Alkaline metal, nickel metal hydride (NiMH) and nickel cadmium (NiCd) batteries may only be sent when new and in their original packaging.”

    p8ddy
    Member

    The irony is that if you send using the self service counters, there is no such requirement for the Post Office to know.

    I also have it in writing from PO head office that you do NOT have to disclose what you are sending, but that they have asked PO staff to ask intrusive questions.

    Basically, all you need to say is “the goods I’m sending are not on the prohibited items list, I’ve checked”. If they give you a hard time complain. I’ve noticed a serious difference in attitude in PO staff recently. Very aggressive, and frequently downright rude. I’m always polite, but I’m not telling people what’s in my mail. That’s my business, and mine only.

    geetee1972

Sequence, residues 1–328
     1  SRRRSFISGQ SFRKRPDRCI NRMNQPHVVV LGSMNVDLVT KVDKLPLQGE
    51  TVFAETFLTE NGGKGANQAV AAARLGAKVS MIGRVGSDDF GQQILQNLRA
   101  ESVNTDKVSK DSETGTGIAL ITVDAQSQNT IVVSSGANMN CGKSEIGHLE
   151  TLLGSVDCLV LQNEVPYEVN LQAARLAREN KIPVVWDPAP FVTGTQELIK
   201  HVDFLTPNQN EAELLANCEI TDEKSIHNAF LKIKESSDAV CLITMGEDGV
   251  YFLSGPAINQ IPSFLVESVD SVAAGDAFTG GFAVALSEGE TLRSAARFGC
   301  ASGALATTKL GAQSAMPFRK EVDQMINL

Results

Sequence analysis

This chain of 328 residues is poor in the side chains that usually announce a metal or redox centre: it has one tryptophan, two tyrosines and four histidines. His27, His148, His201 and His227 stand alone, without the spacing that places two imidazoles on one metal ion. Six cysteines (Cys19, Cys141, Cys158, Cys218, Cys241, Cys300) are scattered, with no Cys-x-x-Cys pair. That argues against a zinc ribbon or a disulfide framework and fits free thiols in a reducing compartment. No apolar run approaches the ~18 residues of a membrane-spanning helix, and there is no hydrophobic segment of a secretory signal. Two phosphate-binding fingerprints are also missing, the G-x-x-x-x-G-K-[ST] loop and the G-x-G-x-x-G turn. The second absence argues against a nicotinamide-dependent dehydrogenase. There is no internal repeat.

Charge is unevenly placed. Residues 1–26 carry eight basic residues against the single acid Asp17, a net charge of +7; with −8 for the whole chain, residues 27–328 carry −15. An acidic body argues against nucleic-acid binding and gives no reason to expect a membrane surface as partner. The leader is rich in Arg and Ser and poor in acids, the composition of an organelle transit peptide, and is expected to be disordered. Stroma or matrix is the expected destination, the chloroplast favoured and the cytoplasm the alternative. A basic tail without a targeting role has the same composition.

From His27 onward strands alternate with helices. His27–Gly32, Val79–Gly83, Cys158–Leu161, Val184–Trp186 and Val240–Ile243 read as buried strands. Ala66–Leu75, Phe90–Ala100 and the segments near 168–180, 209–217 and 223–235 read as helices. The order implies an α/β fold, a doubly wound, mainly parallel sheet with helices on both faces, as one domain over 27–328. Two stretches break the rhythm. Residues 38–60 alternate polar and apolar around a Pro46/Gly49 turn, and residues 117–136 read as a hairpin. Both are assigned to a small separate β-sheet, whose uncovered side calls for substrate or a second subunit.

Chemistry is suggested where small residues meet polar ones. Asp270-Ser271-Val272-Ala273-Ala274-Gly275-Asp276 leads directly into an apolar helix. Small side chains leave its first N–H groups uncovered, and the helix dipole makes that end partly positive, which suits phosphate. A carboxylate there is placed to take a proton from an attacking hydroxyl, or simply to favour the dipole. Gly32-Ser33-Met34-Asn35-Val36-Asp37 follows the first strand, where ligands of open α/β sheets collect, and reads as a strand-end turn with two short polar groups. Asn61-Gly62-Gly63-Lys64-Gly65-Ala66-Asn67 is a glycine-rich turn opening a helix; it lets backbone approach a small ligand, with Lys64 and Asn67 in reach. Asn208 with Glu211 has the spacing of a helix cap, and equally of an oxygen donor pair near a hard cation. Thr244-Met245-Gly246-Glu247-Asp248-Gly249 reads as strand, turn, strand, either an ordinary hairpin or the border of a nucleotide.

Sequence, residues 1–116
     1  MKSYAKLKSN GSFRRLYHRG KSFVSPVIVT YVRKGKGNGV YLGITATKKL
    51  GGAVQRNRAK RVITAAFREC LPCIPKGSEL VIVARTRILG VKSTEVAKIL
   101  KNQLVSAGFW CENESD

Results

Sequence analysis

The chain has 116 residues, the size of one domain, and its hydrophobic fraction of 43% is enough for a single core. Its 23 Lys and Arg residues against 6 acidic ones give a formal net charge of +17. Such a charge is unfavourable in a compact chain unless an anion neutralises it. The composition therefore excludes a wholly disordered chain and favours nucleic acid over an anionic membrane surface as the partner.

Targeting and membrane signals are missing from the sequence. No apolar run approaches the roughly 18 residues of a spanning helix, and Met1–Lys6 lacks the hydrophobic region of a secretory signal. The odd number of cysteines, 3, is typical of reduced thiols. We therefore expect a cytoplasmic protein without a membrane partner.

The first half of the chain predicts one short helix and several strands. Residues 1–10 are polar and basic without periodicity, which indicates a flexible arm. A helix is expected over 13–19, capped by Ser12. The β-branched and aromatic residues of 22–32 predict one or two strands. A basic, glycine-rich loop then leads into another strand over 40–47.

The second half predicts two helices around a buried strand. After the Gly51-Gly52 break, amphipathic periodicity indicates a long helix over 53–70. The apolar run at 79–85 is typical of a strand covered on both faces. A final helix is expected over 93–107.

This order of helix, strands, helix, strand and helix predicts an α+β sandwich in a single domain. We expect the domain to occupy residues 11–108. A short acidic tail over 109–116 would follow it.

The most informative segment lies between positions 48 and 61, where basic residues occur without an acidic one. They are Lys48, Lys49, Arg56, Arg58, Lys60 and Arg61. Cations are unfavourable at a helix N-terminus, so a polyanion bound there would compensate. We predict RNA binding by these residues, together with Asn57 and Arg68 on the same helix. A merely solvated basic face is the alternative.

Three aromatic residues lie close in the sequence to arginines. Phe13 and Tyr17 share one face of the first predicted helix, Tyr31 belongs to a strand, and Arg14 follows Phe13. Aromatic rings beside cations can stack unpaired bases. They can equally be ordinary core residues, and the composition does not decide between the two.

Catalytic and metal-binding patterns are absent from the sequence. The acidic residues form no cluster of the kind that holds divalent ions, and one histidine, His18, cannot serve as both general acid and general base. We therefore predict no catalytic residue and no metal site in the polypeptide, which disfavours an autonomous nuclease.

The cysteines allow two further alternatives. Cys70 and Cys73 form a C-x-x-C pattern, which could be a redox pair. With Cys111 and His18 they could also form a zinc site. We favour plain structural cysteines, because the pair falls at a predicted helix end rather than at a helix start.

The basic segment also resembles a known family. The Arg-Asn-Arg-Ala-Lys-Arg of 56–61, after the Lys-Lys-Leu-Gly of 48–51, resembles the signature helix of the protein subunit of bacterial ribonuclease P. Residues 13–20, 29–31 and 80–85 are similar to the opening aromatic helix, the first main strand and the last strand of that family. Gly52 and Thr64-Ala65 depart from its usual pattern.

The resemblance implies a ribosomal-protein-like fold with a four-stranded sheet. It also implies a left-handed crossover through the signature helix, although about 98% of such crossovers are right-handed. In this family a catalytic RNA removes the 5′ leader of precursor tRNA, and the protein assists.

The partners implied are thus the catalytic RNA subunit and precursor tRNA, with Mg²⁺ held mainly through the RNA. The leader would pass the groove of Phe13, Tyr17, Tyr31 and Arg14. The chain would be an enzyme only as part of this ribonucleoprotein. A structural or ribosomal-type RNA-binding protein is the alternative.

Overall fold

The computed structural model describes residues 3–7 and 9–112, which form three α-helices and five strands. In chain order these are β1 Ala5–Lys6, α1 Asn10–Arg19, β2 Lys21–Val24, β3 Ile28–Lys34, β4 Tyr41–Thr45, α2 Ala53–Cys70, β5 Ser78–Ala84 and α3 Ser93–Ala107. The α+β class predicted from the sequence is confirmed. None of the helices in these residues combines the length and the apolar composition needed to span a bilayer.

Member

    The irony is that there is nothing stopping you from telling a lie. It’s a little bit like the entry cards for the US –

    Are you a war criminal?

    Damn you got me.

    Premier Icon wwaswas
    Subscriber

    there have been tales of people having parcels with batteries in destroyed, though.

    I assume a percentage get x-rayed or otherwise inspected?

    Tom_W1987
    Member

    Just a minute…li-ions are less dangerous if they are connected to something?

    That makes LOTS of sense.

    Premier Icon Cougar
    Subscriber

    Safer if correctly installed in a device rather than rattling round in a bag of paperclips, I’d expect.

    Tom_W1987
    Member

    I’m assuming connected could mean safely rattling round in a bag full of paperclips whilst connected to a bike light….

    Premier Icon mikewsmith
    Subscriber